Peanut Butter and Jelly - It’s Not Just For Kids!

pbj1School has started, fall is around the corner, and students across the country are trying to get creative when packing lunches. Let’s not ignore the obvious - PB&J! The first historical mention of peanut butter and jelly was in 1901 in the Boston Cooking-School Magazine of Culinary Science and Domestic Economics, and since then, PB&J sandwiches have grown to become a symbol of American childhood. In fact, the average child now consumes about 1,500 peanut butter and jelly sandwiches before graduating high school. Although peanut butter and jelly is something that most children enjoy, you are never too old to savor the flavor of this delicious combination. Some think of PB&J as a comfort food with little nutritional value, but peanut butter and jelly is more than just delicious, it’s perfectly nutritious too! Peanut butter is a great source of protein, about 8 grams per serving, and is even used to treat malnutrition in developing countries. Jelly does have added sugars, but in moderation it is nothing to worry about. Forget about the notion that peanut butter and jelly is just for kids, and pack PB&J in your next lunch with a unique twist on the original recipe.

Think Beyond the Iconic Sandwich and Try One of These Unique Recipes:DSC_0093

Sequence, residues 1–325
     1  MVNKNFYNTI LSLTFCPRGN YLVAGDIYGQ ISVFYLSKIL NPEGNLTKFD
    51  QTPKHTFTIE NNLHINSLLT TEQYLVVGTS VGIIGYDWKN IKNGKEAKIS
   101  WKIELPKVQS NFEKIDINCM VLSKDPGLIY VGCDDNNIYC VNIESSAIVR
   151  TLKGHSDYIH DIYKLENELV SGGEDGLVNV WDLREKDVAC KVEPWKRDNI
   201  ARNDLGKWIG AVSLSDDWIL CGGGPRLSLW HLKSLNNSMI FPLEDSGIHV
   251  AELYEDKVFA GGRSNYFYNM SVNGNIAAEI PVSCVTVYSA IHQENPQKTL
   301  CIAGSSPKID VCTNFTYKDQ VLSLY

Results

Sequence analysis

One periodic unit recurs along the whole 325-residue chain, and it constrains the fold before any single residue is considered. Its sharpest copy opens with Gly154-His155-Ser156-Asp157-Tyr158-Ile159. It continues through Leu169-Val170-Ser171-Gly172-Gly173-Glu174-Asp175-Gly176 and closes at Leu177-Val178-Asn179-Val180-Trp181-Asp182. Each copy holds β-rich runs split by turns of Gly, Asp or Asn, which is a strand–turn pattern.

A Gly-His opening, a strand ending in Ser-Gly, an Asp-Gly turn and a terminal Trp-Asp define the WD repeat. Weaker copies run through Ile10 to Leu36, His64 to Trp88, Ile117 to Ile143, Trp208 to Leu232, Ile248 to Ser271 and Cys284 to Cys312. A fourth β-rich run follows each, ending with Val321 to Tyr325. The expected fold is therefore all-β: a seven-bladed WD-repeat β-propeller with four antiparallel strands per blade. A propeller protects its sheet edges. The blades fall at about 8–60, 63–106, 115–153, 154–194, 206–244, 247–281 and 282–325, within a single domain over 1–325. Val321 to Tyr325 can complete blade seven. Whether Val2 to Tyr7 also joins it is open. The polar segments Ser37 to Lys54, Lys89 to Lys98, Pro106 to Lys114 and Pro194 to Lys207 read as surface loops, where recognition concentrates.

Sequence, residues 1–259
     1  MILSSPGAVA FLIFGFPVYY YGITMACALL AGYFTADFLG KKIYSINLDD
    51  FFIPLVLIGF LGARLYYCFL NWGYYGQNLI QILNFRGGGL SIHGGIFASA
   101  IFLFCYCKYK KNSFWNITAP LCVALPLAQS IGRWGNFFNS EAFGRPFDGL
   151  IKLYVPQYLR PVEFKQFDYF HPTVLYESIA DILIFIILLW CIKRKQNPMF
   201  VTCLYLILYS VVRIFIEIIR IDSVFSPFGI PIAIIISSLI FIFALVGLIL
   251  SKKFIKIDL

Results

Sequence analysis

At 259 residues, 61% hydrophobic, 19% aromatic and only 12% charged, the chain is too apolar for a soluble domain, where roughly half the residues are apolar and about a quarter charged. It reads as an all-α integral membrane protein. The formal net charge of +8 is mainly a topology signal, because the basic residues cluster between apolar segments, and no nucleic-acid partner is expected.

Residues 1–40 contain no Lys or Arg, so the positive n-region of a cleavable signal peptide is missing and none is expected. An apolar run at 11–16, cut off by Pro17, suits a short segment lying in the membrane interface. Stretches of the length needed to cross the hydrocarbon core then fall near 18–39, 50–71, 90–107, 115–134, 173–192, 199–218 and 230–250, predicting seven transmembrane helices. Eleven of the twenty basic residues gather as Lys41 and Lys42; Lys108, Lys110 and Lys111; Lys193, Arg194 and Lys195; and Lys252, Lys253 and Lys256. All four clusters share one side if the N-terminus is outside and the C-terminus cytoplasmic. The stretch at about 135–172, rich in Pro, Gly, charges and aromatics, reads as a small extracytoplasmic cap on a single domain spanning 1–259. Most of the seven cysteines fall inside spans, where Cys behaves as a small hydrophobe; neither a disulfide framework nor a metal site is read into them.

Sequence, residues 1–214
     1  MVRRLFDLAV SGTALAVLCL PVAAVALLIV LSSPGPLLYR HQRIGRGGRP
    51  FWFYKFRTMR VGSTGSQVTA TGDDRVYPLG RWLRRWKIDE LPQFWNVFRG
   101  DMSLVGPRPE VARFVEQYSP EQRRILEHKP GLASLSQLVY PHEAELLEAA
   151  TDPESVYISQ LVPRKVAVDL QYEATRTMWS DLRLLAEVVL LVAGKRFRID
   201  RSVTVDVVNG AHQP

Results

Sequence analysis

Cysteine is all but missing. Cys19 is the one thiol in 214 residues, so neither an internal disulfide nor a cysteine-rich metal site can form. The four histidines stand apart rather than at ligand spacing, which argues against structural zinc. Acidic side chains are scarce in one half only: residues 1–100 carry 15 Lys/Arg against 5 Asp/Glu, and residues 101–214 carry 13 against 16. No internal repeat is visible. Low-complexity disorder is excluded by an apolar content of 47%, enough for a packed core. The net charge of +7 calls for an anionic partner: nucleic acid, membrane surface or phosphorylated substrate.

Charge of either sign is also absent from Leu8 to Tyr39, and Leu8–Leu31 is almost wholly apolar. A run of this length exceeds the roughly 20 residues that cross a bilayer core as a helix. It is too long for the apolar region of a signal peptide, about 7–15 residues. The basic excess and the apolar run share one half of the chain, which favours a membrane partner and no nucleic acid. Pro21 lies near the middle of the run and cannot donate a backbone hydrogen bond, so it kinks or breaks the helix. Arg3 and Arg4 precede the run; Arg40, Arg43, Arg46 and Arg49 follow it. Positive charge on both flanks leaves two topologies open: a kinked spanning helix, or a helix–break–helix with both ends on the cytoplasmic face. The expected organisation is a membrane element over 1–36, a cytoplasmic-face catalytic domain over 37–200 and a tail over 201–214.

•   Make a smoothie with banana, peanut butter, jelly, and milk or yogurt.
  •   Spread peanut butter and jelly on celery sticks for a yummy snack.
  •   Swap bread for rice cakes to add a satisfying crunch to your PB&J.
  •   Top pancakes or waffles with peanut butter and jelly rather than syrup.
  •   Switch up the typical PB&J sandwich by grilling it and enjoying it warm.

Fun Facts About PB&J

  • DSC_0061   Theaverage American consumes about three pounds of peanut butter a year.
  •   Arachibutyrophobia is the fear of having peanut butter stuck to the roof of your mouth.
  •   Peanut butter and jelly sandwiches were considered a delicacy in the early 1900s.
  •   Jelly is made from fruit juice, while jam is made from whole fruit crushed up, and preserves are essentially a chunkier version of jam.
  •   96% of people spread the peanut butter on first when making a PB&J sandwich.
  •   Peanut butter and jelly were staple rations for soldiers in World War II. After the war, sales of these ingredients rose due to high demand from returning soldiers.

Photo Credit: Rachel Weidt

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